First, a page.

I also had the Briggance Test done but I am unsure if your son still falls in the age range I believe he is older that the test is for. If you want ask about that one to it goes through 12 month increments of your childs development a good tool for not missing anything.

Now this next one I would not let them diagnose without...excellent when evaluating my son. I am going to just cut and paste it from my own notes I took it verbatim anyway...so you get the full knowledge you need.
Wechsler Preschool and Primary Scale of Intelligence. The Wechsler Preschool and Primary Scale of Intelligence, abbreviated as WPPSI, is one of the oldest intelligence tests designed specifically to measure the cognitive abilities of preschoolers. The test yields Intelligence Quotient (IQ) scores, as well as subtest scores yielding additional domain-specific information. It is a revision of the original Wechlsler Scale of Intelligence, created in the late 1960's to measure IQ for children between four and seven years of age. The modern WPPSI, now in its third edition) is appropriate for children between the ages of two and six. Only a specially trained child psychologist or psychometrician can administer the WPPSI.
~This was done through the school district. At his IEP meeting you request it IN WRITING and if they do not do it then you get out the handbook they give you and follow the process to appeal their decesion until you get them to do it...I think most schools will def do this test but my son's school won't let parents here request some of these. The reason I feel personally its so important is its measureing cognitive functioning (thinking). This is where we find out if our children are at age level maturity or not...mine is two years behind.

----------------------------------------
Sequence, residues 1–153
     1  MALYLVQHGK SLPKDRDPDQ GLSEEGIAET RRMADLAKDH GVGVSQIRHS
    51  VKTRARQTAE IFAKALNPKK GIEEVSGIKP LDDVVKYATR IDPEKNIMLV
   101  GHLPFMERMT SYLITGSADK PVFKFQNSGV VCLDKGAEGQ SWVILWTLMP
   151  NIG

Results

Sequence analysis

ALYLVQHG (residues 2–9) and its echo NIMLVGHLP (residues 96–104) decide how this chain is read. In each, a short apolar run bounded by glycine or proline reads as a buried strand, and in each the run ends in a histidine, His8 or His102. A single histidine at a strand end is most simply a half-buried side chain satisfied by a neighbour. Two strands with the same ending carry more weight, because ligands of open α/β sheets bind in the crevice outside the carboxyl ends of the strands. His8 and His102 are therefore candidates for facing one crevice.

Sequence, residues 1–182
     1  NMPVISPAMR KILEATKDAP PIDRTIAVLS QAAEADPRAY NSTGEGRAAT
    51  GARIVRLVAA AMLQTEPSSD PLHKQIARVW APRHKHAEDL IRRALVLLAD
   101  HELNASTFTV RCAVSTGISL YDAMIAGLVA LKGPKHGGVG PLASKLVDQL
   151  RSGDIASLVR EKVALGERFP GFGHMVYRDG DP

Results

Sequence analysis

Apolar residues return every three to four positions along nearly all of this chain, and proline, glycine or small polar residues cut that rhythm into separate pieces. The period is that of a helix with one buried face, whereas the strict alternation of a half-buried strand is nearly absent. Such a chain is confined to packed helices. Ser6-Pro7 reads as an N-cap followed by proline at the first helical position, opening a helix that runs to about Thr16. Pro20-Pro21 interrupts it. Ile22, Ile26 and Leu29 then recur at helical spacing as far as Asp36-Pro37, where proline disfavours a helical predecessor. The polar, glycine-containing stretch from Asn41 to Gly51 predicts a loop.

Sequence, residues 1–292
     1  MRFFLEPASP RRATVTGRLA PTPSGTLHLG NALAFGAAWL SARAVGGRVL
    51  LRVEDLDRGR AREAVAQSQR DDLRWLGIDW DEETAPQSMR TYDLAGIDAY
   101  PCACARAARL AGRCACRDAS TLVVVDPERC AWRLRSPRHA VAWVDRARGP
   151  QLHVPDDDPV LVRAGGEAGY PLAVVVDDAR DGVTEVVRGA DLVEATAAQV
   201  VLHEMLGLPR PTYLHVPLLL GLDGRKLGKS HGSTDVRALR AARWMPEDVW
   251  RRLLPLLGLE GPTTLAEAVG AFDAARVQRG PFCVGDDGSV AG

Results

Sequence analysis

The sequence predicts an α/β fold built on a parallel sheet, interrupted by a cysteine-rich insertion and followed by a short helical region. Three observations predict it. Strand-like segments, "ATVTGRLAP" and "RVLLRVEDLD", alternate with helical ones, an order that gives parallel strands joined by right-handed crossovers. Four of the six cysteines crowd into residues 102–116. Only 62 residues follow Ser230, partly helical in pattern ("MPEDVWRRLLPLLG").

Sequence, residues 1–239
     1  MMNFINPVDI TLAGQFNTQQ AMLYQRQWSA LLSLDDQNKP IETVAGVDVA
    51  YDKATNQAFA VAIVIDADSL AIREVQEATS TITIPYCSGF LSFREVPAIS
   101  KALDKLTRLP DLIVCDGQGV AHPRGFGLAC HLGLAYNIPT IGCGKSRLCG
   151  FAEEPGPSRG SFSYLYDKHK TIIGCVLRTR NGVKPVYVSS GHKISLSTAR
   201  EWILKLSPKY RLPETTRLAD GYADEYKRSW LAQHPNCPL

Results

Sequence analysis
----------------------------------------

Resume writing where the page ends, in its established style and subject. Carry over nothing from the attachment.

That should give your doctor plenty to diagnosis your child initially. If you want to email me or further get info on here so other parents can see...there is much more as a constant process to get what they need done. Once they determine what it is...and you have an IEP drawn up...I will be glad to help you in the next phase. This is the most importatn though. My son being diagnosed Autistic gave him the cat A: Autism and related disorder qualifier for special eduation full day services and speech and occupational therapy; a para professional has to be assigned if they need it because they have to have the general education enviornment rights...and normally begin with attending specials, field trips and stuff with GE class and working one on one in the self contained classroom one one one with teachers and very few students. It will depend on the need of your child's behviors and academicx.

Any questions with treatments, therapies, school responsiblity to provide; and even affiliated problems like sensory for instance....my email is abbykorinnelee@aol.com

I would be happy to assist with your question or concerns on the IEP as well. If I don't know the answer I will find it out for you. I think its great you questioned that doctor...please let me know how it turns out.

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Tanya - posted on 09/06/2011